You have not lived until you attempt to read Xenophon’s Anabasis in the Catalonian language,

“Darius i Parisatis tingueren dos fills: el més gran, Artaxerxes; elmés petit, Cirus. Darius havent caigut malalt i pressentint la fi dela seva vida, volgué tenir els dos fills vora seu. El gran s’esqueiaa ser-hi; i Cirus fou enviat a cercar de la província de la quall’havia fet sàtrapa, nomenant-lo també general de totes les tropesreunides en el pla del Castol. Cirus, doncs, puja, acompanyat deTissafernes, a qui tenia per amic, i seguit de tres cents hoplites.” Of course you might try reading Shakespeare, instead of Xenophon. Las Festas dels Reis is a treat. It bristles with exes in suxh a wonderful way, one dreams of working a bit of it into daily conversation. For example,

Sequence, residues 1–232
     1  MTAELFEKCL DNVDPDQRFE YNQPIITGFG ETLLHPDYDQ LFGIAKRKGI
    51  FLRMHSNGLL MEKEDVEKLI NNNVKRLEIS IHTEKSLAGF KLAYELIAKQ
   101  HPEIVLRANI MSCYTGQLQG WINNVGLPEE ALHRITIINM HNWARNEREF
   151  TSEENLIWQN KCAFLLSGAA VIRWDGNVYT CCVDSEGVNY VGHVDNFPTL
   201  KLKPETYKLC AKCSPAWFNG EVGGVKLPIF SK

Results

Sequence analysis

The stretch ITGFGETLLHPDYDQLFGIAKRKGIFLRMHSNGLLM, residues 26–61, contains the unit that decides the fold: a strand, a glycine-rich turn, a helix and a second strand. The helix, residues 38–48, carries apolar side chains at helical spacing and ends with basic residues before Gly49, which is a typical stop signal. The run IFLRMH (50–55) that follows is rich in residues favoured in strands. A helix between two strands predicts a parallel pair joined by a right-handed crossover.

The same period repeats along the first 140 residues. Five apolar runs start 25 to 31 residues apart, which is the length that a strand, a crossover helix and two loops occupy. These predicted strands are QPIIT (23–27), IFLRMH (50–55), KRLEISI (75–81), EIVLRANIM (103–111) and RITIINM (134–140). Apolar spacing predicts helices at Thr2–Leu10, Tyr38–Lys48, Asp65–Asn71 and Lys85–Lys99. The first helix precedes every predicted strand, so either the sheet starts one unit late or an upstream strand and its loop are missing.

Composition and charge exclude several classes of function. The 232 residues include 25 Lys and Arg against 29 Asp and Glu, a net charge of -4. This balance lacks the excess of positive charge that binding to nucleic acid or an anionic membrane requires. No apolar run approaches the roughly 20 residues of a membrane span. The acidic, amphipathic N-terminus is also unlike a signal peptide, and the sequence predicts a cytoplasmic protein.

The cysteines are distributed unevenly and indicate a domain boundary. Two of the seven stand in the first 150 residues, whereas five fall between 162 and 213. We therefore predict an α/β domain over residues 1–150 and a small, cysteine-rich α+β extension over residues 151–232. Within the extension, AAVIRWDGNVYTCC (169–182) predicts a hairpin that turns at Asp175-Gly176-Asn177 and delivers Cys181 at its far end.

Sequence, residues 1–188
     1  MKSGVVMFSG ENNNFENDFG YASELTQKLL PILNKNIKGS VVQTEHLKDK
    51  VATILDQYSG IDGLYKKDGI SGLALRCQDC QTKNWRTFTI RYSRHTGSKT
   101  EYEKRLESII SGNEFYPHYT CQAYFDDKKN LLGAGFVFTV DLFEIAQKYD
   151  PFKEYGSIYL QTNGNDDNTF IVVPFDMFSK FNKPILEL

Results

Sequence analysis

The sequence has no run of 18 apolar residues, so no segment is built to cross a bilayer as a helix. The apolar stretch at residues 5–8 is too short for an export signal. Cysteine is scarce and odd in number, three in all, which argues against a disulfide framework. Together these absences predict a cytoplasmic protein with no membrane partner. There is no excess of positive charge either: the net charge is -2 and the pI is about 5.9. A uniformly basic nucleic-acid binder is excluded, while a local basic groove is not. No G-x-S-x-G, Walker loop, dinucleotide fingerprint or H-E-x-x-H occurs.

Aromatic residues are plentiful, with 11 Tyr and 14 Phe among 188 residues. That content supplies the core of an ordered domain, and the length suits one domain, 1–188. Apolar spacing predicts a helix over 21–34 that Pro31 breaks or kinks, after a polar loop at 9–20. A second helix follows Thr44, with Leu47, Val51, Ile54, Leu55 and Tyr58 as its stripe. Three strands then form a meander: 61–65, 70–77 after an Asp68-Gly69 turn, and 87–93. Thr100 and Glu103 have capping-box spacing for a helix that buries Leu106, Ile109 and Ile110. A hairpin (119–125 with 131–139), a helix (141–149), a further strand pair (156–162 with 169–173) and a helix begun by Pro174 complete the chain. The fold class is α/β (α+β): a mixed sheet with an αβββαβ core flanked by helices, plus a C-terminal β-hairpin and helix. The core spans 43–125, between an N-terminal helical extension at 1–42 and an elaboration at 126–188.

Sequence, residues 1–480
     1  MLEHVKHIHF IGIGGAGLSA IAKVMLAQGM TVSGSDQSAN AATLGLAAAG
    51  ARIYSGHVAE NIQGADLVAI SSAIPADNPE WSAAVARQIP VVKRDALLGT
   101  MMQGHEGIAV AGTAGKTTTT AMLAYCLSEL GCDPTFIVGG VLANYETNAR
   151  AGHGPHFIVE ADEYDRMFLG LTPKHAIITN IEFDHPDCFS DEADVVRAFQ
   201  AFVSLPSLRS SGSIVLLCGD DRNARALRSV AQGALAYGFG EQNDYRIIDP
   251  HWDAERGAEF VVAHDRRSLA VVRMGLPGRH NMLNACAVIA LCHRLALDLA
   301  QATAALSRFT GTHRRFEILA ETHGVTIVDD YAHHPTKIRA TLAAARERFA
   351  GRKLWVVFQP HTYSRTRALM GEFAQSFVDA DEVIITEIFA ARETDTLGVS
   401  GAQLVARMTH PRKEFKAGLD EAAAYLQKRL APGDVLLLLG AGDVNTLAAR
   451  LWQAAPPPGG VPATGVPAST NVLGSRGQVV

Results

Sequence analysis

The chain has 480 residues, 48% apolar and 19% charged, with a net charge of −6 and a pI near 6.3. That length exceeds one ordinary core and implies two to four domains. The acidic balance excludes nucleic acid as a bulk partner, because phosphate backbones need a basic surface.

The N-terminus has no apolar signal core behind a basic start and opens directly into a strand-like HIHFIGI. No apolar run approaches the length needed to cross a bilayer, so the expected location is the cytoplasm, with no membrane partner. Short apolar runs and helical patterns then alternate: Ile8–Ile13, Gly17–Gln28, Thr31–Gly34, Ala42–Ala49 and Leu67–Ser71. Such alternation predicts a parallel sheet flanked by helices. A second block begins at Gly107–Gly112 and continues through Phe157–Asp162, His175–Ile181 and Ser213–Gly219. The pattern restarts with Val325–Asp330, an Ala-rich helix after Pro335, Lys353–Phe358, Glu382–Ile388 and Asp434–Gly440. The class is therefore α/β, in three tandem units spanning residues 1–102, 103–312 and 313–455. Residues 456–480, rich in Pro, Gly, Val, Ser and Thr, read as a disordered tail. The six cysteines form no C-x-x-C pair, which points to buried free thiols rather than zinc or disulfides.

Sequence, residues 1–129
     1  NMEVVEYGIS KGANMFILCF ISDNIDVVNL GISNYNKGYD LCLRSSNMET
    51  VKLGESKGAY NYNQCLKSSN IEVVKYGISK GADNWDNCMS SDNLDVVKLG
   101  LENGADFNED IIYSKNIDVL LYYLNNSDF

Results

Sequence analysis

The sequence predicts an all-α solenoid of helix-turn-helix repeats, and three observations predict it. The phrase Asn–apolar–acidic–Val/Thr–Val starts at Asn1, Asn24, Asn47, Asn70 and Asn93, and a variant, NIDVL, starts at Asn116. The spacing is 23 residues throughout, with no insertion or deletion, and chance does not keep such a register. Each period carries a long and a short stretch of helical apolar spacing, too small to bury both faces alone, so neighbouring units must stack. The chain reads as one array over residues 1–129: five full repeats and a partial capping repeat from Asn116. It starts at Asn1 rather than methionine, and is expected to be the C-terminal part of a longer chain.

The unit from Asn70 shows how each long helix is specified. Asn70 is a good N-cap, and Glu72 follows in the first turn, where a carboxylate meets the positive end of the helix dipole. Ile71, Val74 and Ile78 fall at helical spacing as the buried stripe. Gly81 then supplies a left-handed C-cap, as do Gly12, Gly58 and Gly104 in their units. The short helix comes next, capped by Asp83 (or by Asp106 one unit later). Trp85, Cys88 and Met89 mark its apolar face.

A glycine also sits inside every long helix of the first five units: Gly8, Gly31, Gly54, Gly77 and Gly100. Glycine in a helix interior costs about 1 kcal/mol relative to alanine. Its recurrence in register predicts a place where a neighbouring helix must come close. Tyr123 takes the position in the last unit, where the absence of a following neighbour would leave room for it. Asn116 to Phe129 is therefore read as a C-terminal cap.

“SIR TOBIAS

Un gentilhome així…
(Eructa)Mala pesta de sardines escabetxades!… Què hi ha, ase?”

I only understand sixty percent of it without a dictionary but that is enough to make me feel ambitious. Why not learn more? Why stop at Catalan? Why not learn, say, Maori, Nahuatl, Gamilaraai? How would Sir Tobias sound in Iloko, Napoletano-Calabrese, Inuktitut? Stick with Catalan and if you speak Portuguese or Spanish you are half way there. If you have a bit of Latin and a dash of French you will underastand as much as I do, sixty five percent. Enough to know that the Gutenberg Project typist rendered insolencia into indolencia. Shakespeare would have approved.